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ode to catbird seat

Anthelme Brillat-Savarin once said, "Tell me what you eat, and I will tell you what you are." A few days ago, the husband and I celebrated an anniversary by dining at the newly opened Catbird Seat. The nine courses each had its own cocktail pairing and included gastronimic delights such as truffles three ways, octopus, pressed duck, Nantucket Bay scallops, hot chicken crisps, pressurized Wagyu beef, cherry chips, chicory gel, pineapple gelee, and bourbon-filled spheres that burst in your mouth.

What would that meal make me, I wonder. Whoever it is, I certainly would not mind being her every day of the week.


suddenly you (lisa kleypas)


Without a doubt, the best thing to do over winter break is indulge in romance novels. Preferably with a cup of tea (or a glass of wine) underneath a thick and cozy duvet.

Each of my beloved romance novelists has a different style, which I assure you I will eventually be going in detail. But for my first entry about my favorite genre, I have chosen Lisa Kleypas's Suddenly You precisely because the heroine is a bluestocking and authoress. To make things even more delicious, the male lead is an incredibly successful publisher. Sigh, talk about this bookworm's fantasy come true.

Suddenly You isn't my favorite Kleypas fiction, but it is a memorable must-read because Amanda Briars is an unlikely albeit entirely lovable heroine. She is thirty, plump, and a pragmatist--not your typical historical romance fare. Her detailed account of the publishing world in this period is a bonus to all book lovers out there. Altogether, the book is satisfying for people who love Kleypas's style--the tortured, ridiculously successful male lead falling in love with an unlikely, quirky, charming character.



in anticipation of a good adaptation

Hollywood gets it wrong a lot. Granted, it's hard to pull of a movie based on any popular book because fans already have set ideas in their heads about what the characters, places, etc, look like. But sometimes, Hollywood gets it right. And I think that the upcoming production of Baz Luhrmann's The Great Gatsby is going to be one of those "got it perfectly" ones.

Given that Gatsby is one of my favorite books of all time, how is a girl to wait till Christmas 2012 to see it?!?!



foolishness and friendships

{My grad school BFFs curtsying in a downtown Nashville alley. We're cool like that.}

"You can always tell a real friend: when you've made a fool of yourself he doesn't feel you've done a permanent job."

- Laurence J. Peter


it's the little things: hydrangeas

{taken using Instagram}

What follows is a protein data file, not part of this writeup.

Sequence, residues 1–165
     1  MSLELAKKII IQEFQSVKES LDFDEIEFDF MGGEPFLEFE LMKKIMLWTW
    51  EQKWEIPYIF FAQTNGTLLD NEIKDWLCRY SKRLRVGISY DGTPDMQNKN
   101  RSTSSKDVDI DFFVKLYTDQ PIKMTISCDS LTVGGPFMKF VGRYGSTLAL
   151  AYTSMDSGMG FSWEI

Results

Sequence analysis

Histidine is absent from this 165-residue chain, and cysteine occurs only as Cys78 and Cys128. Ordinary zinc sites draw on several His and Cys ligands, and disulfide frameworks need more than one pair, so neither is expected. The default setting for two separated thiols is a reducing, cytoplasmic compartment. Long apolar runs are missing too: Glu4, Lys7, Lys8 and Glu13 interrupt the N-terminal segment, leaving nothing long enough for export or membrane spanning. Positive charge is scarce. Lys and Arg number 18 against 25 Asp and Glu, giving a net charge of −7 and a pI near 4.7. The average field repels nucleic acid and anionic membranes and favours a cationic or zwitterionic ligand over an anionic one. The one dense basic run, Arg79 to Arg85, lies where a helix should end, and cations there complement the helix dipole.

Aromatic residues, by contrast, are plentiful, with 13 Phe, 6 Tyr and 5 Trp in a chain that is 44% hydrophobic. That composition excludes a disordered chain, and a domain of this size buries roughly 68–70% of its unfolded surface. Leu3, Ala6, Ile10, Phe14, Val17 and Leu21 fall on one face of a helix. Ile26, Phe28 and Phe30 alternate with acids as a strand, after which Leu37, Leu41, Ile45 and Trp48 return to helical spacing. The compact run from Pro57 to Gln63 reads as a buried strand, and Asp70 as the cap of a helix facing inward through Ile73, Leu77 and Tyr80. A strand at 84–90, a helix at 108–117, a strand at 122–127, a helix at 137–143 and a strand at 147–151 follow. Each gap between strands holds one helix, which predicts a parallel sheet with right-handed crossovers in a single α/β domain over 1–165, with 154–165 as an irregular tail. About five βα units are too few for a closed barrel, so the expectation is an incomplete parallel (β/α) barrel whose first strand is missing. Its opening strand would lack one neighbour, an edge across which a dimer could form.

I was thrilled to see hydrangeas at our local Trader Joe's today and had to have me a bunch. Now I am enjoying them along with some candelight on my bedside table. A lovely way to end the week.


just a tipple


After giving it more thought, I wonder. Is "What is your favorite liquor?" the twentysomething equivalent of kids asking each other "What's your favorite color?" Ask a friend what their favorite color is and the answer comes with a questioning lilt at the end. Gone are the days when one choice could be said with certainty. But ask them what their favorite liquor is, and suddenly out come all of these opinions and anecdotes like why tequila makes them sick (oh doesn't it do that to us all?) or why Jameson is the most amazing thing ever. In college, not many of us would have been able to give educated responses. We drank jungle juice (and much much worse) out of red cups. We ordered the cheapest well drinks possible. We thought Franzia was delicious. It took years of being with friends at bars, at house parties, at wine tastings, and at fancy dinners to discover that I like a buttery white, that I cannot stand any brown liquor, that I love the herbal tinge to gin.

When we were kids, we had strong feelings about favorite colors in part because they reminded us of all of our favorite things. Yellow for the sun and lemon drops. Purple for a favorite tee shirt and grape juice. Pink for storybook princesses and tutus. I say the reason why we revel in knowing what we like to imbibe best has to do with all of the memories and moments associated with how we figured it out.

Now isn't that worth having another drink and a toast?  


the husband is home

{photo by Tim Sohn}

After a week apart, MJH is home. Absence does make the heart grow fonder. (At least that's what I try to tell myself when I am sulking in the apartment by myself.)

This weekend, I am looking forward to doing this. Lots of hugging and lots of laughing.